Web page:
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The Cost of Cleaning Up the Chesapeake Bay

Marsh grasses in Maryland  provide valuable habitat for wildlife and help filter runoff from nearby farms. NRCS photo.

Marsh grasses in Maryland provide valuable habitat for wildlife and help filter runoff from nearby farms. NRCS photo.

The Chesapeake Bay is a valuable resource. The Bay is home to a variety of species, such as blue crab and striped bass, provides jobs for local fishing communities, and serves as a place to interact with nature. About a quarter of the land in the Chesapeake Bay watershed is devoted to agriculture. The crops and livestock produced in this region provide food and fiber for millions of Americans. But these agricultural lands do more than produce food—they can play a role in improving the Bay’s water quality.

In 2010, the Environmental Protection Agency (EPA) worked with the Bay states to set water quality goals for the Chesapeake Bay and to develop Watershed Improvement Plans, or “WIPs,” for each of the states.

In a recent study funded by the USDA Office of the Chief Economist (OCE), Penn State University researchers evaluated the economics of applying targeted conservation efforts within the agricultural sector. Dr. Jim Shortle, one of the report’s authors and a Distinguished Professor of Agricultural and Environmental Economics at Penn State, stressed the importance that this information can have in terms of lowering costs of cleaning up the Bay.

“We found the cost of implementing the agricultural best management practices (BMPs) in WIPs between 2011 and 2025 to be about $3.6 billion (in 2010 dollars). The annual cost of the WIP BMPs from 2025 onwards is about $900 million. Importantly, our results show that significant cost savings can be realized through attention to the cost effectiveness of BMPs in the selection and location of BMPs in the watershed,” Jim said. “Among the states in the Bay Watershed, cost-savings relative to the WIPs in this case range from 27% (Virginia) to 86% (New York and West Virginia).”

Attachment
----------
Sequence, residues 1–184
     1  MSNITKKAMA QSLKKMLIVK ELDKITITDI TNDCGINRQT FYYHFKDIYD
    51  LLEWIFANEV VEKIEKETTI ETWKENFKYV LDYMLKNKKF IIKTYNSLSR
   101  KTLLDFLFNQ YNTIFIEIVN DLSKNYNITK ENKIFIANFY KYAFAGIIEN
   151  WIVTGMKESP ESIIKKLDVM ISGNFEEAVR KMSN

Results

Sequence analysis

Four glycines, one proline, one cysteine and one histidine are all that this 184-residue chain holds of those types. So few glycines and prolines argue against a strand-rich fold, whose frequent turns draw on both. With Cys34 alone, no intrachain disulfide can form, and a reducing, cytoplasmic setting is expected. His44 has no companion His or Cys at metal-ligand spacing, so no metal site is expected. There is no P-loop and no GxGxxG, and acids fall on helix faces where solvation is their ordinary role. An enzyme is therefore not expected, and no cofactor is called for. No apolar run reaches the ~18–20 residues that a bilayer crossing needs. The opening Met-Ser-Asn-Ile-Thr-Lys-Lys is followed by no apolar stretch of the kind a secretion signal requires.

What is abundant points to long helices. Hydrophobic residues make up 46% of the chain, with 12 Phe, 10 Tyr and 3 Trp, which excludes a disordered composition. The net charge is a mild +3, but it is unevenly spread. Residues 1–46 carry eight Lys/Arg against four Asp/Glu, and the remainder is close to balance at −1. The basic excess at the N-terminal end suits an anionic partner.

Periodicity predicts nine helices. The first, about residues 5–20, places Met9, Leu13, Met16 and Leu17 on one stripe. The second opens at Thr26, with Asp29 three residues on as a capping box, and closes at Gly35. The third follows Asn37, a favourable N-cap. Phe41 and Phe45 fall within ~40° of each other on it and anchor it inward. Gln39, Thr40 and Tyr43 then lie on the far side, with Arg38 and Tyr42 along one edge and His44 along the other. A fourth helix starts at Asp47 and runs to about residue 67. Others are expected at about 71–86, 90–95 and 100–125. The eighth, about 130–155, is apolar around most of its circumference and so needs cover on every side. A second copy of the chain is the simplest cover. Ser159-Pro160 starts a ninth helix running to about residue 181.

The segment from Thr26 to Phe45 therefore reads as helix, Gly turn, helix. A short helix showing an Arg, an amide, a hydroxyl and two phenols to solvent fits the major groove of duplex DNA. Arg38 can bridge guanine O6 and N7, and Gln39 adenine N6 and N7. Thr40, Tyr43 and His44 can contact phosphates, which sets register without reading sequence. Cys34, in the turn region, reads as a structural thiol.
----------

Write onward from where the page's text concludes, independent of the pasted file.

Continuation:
This concept of “targeting,” or putting dollars to install BMPs where they have the most benefit, could help states save money while meeting water quality goals.

Although these large cost savings are estimates, “basic messages are powerful and important.  One clear message is that attention to [BMP] costs and effectiveness can save significant costs to agriculture of achieving Chesapeake Bay clean-up goals,” Jim commented.

The research showed that even bigger savings can be achieved by using water quality trading markets. The potential for cost savings using markets and trading is one reason why OCE’s Office of Environmental Markets is continuing to provide support for states, producers, and others involved in the development of water quality markets—which may one day lead to a healthier Bay.

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